“BORN IN FLAMES”— A Fantasy of Female Rebellion


A Fantasy of Female Rebellion

Amos Lassen

Director Lizzie Borden’s 1983 film, “Born in Flames” rocked the foundations of the early Indie film world with its provocative story fantasy of a female rebellion set in America ten years after a social democratic cultural revolution. When Adelaide Norris, the black radical founder of the Woman’s Army, is mysteriously killed, a diverse coalition of women from all races, classes, and sexual preferences comes together to blow the existing system apart. The film is newly restored in high definition for its 35th anniversary and we see that it is even more relevant in today’s political climate.

Early on in the film two men, both of whom remain off screen and unnamed, flip through photographs of Adelaide Norris (Jean Satterfield), attempting to construct her profile as founder of the Women’s Army that “seems to be dominated by blacks and lesbians.” The exchange abruptly cuts to Norris sitting around a kitchen table and talking about employment legislation as the men’s dialogue bleeds in and overlaps for a few seconds, before being dropped entirely. We see here Borden’s directorial strengths and political cognizance by implicitly placing competing dialogues within the same cinematic space even though the two parties aren’t in the same physical place. Immediately, and without actual violent conflict, the tensions of making one’s intentions heard and understood are presented.

“Born in Flames” brings together documentary and dramatic sequences into a free-form narrative that exists “somewhere between essay film, political manifesto, and exploitation.” Scripted scenes of ongoing conversations about organized protests and recent instances of sexism across the U.S. are broken apart by news broadcasts and the didactic pleas of two pirate-radio DJs named Isabel (Adele Bertei) and Honey (Honey). These occur in an alternative America where a socialist revolution took place ten years earlier, but did little to alter the gender gap or bring about comprehensive social progress. The film refuses to adhere to traditional channels of communication. Much of Borden’s aesthetic entails numerous speakers or messages being sent, but little indication of how those messages are being decoded. This repetition causes a fractured rapidity, which could be mistaken for incoherence or a lack of ability on Borden’s part. A certain level of incoherence is part of the film’s coherent understanding of the many channels of communication brought about by competing political rhetoric.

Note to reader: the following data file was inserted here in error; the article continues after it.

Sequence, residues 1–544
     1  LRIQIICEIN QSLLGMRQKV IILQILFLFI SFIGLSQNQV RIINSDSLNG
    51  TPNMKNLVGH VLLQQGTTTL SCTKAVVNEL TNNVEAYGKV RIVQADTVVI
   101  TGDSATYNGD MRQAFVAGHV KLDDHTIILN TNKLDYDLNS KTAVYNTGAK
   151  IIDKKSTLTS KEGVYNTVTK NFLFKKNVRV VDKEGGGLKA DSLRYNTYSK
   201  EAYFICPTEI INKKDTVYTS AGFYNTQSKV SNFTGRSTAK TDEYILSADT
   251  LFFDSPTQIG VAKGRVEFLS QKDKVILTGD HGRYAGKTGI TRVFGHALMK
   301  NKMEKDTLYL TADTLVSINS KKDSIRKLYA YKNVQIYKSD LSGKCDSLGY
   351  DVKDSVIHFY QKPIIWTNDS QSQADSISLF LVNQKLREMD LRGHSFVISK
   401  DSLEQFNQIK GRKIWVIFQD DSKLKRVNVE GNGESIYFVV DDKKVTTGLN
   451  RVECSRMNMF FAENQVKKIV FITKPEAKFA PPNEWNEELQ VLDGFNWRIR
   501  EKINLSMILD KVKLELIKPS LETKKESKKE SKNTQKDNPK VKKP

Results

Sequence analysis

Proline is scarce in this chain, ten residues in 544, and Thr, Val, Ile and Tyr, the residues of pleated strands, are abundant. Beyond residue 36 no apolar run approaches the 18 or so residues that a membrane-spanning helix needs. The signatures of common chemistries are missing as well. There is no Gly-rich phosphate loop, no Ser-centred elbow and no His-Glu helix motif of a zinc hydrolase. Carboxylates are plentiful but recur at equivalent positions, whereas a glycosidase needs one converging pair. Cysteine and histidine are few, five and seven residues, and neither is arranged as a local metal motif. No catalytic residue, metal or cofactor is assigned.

The consistent binary opposition for the Women’s Army as “Terrorists or Revolutionaries?” does not suggest a functional diagnosis for group actions within a consistently reshaping socio-political milieu. The film uses the conflicting terms to suggest that media outlets only highlight oppositional actions to sell ambivalence and fear to consumers. The film addressing ongoing human rights concerns through zeitgeist-infused pop, even though Borden omits explicit references to actual events. The rhetoric is philosophical and it clouds the atmosphere.

Borden’s strengths as an generate intensive responses to injustice. The film still challenges, confronts and captures the imagination. Because the film was made before we had digital paraphernalia, it must be admired if just for the amount of work that went into it. “Born in Flames” answers the question of what if  the United States went socialist after a nonviolent revolution and people were still disenfranchised?

Borden made the film over a period of five years with no script and very little money, and it fits the definition of “underground film”. It was well ahead of its time, trading fluently in political savvy and It is still a thoughtful, controversial, decidedly unique sci-fi cautionary tale. Borden radically shows that not even a socialist revolution would eradicate gender inequalities; in her imagined future, it would still fall upon women (rather than the government) to protect one another and fight for equal rights. As a narrative, there is much to be desired. However, the imagery makes up for that lack. We see several strong, black, lesbian protagonists; butch females on the subway moving in immediately to protect a woman as she’s openly harassed by a man; a group of women riding up on bicycles to scare away a rapist and women taking collective action to fight for the right to keep their jobs. “Born in Flames” makes one think differently about life itself, and it is a powerful reminder of independent film’s potential to “subvert the dominant paradigm”.

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